Hillary Clinton’s skill and experience in raising money have provided her with a dominant financial lead over her Democratic and Republican rivals, according to the latest Federal Election Commission reports.

Filings for the month of April show that Clinton and her remaining competitor for the Democratic Party nomination, Sen. Bernie Sanders (Vt.), raised about the same amount of money, each reporting receipts topping $26 million. But Sanders was spending money at a far greater rate and had just $5.8 million on hand at the end of the month, compared with Clinton’s reported cash on hand of $30 million.

Meanwhile, the reports laid bare the challenge facing Donald Trump, who is now focused on the general election. Clinton has far outpaced Trump in spending to build a campaign infrastructure and in building financial reserves for the long race to Election Day in November. Each campaign is expected to spend $1 billion or more in their quest to win the White House.

Running as a self-funded candidate not beholden to traditional donors, Trump has so far raised and spent less than many of his Republican opponents and far less than Clinton. All told, Trump and his supporters have raised about $59.4 million so far, compared with Clinton’s total of nearly $300 million. Most of Trump’s money has come from loans he made to the campaign, totaling $43.4 million, including $7.5 million in April alone. Clinton and Sanders have each spent close to $200 million, compared with $56.5 million by Trump.

Clinton’s contribution total includes $81.4 million raised by independent groups supporting her candidacy, with most of the money coming from one super PAC, Priorities USA Action.

Since becoming the presumptive nominee during the first week in May, Trump has rushed to assemble a more traditional campaign organization. He is now seeking the sort of high-dollar donors that he once rejected because they would sully the image he has promoted as a politician who cannot be bought.

Last week, for example, his campaign announced a new joint fundraising venture with the Republican National Committee, which can raise as much as $449,400 from a single individual. It is similar to one Clinton established months ago, the Hillary Victory Fund. In addition, Trump’s team has sought to identify independent super PACs that will support his candidacy. Super PACs are the relatively new, officially independent political committees that can raise money in unlimited amounts from individuals, unions and corporations.

The super PAC most identified with Trump, Great America PAC, has brought in some high-profile campaign veterans, including Ed Rollins, who managed Ronald Reagan’s 1984 campaign. Rollins, who joined the super PAC in early May, has some heavy lifting to do: The group failed to break the million-dollar mark in April, raising just $513,605 with a debt of $300,000, records show.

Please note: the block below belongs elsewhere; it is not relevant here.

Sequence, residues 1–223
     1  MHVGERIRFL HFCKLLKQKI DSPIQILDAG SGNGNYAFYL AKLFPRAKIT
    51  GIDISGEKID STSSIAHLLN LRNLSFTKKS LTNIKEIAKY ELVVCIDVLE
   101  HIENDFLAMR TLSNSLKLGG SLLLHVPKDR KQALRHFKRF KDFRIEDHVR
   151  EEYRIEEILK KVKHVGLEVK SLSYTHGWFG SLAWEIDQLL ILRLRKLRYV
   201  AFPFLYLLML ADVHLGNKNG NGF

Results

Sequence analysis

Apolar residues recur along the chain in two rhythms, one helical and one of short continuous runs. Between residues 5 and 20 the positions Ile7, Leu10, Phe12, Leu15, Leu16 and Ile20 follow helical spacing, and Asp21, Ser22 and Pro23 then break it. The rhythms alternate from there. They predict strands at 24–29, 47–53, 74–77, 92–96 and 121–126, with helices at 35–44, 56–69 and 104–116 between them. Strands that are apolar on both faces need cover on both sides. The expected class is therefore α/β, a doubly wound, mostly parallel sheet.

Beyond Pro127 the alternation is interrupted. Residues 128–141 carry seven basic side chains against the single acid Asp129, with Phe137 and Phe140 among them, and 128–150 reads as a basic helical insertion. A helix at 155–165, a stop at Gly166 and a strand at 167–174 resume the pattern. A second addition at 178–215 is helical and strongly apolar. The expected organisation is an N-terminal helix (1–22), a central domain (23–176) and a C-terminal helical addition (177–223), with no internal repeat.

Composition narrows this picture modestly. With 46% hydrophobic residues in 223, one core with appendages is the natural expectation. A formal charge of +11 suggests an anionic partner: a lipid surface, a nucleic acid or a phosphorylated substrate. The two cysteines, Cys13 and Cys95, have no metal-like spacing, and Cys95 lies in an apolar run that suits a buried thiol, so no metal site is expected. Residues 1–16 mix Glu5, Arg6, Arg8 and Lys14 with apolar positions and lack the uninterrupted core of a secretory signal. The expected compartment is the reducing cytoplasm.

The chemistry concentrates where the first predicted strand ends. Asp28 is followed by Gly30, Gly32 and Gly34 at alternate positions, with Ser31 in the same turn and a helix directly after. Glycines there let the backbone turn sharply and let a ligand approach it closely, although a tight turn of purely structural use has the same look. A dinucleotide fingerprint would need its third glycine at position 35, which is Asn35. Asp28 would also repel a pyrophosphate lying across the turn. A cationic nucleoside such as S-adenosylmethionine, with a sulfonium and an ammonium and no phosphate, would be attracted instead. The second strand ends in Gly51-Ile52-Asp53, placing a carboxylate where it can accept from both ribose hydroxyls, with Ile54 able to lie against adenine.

Clinton’s efforts to turn her attention to Trump remain complicated by Sanders, who has vowed to stay in the race and “fight for every vote” even as his cash reserves run short.

“We’ve made fundraising history, and we’re still going strong,” said Sanders communications director Michael Briggs in an email late Friday night.

Until April, Sanders was the biggest spender this cycle, dedicating significant resources to the primaries in Wisconsin, which he won, and New York, which he lost, in what was considered a critical test of strength for both candidates. Sanders outspent Clinton in expensive television advertising in New York.

All of the campaigns slowed their spending after the high-profile primaries in March and April, but the Democratic candidates are expected to pick up the pace in anticipation of the remaining delegate selection contests, including the June 7 California primary.

The Clinton campaign’s cash-on-hand figures include funds raised with the Democratic National Committee and state party committees through the Hillary Victory Fund, which can accept larger six-figure contributions from individual donors. The Clinton campaign says the funds will be used to support state party committees in the general election.

“Thanks to the support of more than 1.2 million people, we are in strong financial shape as we head into the final primary contests and prepare for the general election,” said Robby Mook, Clinton’s campaign manager. “This will enable us to continue investing in people who will mobilize millions of voters and help Democrats running up and down the ballot.”

The main super PAC backing Clinton, Priorities USA Action, raised $8.6 million, taking its total haul to date to $121 million. The group announced an additional $45 million in pledges.

Major donors to the group include Cheryl and Haim Saban, who gave $3 million in April. The Univision chairman and his wife have already given $7 million to the super PAC. Other million-dollar donors include S. Daniel Abraham, the founder of the weight-loss brand Slim-Fast, and Alexander Soros, son of George Soros.

Although Sanders was low on cash, he continued to see a significant amount of money coming from donors who have given less than $200. So far, he has received 62 percent of his money from those small donors, compared with 21.3 percent for Clinton.

“The average contribution to the senator’s campaign is around $27,” the campaign said in a statement. “Only 5 percent of Sanders’ total came from donors who have given the maximum $2,700 an individual may donate to a candidate.”

Abby Phillip contributed to this report.